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The Danish public broadcaster, TV2 reports an interview given by the Minister for Foreign Affairs and Integration, Mattias Tesfaye (Social Democrats) to Jyllands-Posten, in which he claimed that “a large part of Islam today is represented by Islamists”. Tesfaye pledged that he would try to curb Islamism in Denmark with a number of laws – perhaps an indication of his desire to emulate recent moves in Austria and France. In the interview, Tesfaye also went on to discuss his Government’s ongoing efforts to reduce immigration levels and the challenges of social cohesion. His remarks were criticised by members of other parties including the Enhedslisten (Unity List) and De Radikale (Radicals).
A November 2020 edition (no. 1101) of the Muslim Brotherhood’s, UK-based weekly Arabic newsletter, Risalat al-Ikhwan, drew attention to a report produced by the Europal Forum, which discusses the controversies surrounding antisemitism in the Labour Party.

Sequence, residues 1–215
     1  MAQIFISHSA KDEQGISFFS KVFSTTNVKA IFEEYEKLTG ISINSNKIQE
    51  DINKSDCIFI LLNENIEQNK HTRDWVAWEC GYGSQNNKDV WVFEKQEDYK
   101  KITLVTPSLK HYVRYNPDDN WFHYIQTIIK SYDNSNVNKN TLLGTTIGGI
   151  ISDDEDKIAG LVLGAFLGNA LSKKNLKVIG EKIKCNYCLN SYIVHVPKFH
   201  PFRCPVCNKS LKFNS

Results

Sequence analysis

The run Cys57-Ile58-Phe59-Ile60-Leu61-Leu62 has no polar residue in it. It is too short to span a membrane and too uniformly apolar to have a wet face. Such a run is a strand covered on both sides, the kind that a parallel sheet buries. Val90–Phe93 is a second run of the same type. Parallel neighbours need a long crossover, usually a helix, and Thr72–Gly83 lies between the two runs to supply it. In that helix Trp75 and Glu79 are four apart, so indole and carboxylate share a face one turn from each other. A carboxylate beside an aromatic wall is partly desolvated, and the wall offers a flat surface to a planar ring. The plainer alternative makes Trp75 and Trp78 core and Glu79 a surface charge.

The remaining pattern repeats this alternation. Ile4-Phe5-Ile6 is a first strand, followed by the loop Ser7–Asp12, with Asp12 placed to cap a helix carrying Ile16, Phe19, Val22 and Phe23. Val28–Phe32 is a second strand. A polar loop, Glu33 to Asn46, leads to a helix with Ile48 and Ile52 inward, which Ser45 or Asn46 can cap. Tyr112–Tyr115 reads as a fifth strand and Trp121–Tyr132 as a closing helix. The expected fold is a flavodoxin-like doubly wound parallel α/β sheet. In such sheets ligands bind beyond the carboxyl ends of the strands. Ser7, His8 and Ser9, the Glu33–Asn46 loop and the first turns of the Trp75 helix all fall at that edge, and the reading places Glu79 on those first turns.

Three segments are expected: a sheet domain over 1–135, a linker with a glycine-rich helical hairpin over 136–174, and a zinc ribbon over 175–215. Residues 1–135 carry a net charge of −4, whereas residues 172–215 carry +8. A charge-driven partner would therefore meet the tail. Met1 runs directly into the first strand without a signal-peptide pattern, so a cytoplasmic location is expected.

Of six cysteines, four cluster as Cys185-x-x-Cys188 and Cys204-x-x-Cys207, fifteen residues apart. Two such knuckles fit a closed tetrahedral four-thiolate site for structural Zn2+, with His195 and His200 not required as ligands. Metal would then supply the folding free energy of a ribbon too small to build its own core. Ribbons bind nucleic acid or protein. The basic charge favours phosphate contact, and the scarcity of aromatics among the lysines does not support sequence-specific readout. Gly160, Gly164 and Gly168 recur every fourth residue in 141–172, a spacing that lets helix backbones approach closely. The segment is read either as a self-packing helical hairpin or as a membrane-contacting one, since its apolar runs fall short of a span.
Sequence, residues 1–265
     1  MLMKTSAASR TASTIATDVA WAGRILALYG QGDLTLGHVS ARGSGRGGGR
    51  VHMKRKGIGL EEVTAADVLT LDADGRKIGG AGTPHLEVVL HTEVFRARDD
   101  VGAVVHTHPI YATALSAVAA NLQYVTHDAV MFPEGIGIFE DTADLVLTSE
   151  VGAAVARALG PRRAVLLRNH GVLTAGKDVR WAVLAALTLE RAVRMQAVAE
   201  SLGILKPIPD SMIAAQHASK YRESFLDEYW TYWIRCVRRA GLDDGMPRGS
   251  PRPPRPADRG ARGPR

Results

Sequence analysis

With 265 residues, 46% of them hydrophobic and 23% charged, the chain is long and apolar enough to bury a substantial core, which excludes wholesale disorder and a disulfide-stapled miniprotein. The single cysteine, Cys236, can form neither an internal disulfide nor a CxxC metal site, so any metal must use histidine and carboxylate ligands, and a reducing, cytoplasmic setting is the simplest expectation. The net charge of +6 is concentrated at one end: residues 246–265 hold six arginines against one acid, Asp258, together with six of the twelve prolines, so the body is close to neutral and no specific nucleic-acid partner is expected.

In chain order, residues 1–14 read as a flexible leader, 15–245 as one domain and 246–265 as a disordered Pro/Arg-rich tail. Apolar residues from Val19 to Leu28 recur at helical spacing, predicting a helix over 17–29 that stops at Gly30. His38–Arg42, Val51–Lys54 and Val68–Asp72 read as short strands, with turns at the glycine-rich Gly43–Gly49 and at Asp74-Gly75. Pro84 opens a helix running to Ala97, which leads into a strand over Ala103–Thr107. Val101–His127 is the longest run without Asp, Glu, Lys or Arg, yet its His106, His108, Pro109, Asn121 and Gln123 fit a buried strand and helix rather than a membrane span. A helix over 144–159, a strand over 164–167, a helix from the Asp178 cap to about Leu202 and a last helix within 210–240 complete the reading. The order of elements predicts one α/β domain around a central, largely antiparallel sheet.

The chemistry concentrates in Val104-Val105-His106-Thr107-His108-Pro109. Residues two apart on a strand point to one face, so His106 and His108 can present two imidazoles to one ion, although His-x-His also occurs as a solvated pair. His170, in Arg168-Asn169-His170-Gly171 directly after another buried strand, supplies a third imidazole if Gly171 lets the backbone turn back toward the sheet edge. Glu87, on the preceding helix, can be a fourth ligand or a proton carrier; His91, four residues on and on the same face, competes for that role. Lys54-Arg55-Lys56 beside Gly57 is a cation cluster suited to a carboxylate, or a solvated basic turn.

Europal Forum describes itself as “an independent and non-party political organisation based in London, working to build networks throughout Europe in support of the promotion and realisation of Palestinian rights.” The Dutch former intelligence analyst, Ronald Sandee, and Steven Merley, an investigative expert on Islamist networks, have both identified Europal as aligned ideologically with the Muslim Brotherhood.
The Islamist political party Hizb ut-Tahrir (HuT) remains active in the UK. In late 2020, HuT Britain reported that it had held “an international online conference on The Return of the Islamic World Order.”
According to the report on this gathering published by HuT, “Speakers showed how the secular capitalist world is incapable of providing coherent solutions for humanity and in fact, lies at the heart of most of the suffering in the world today.”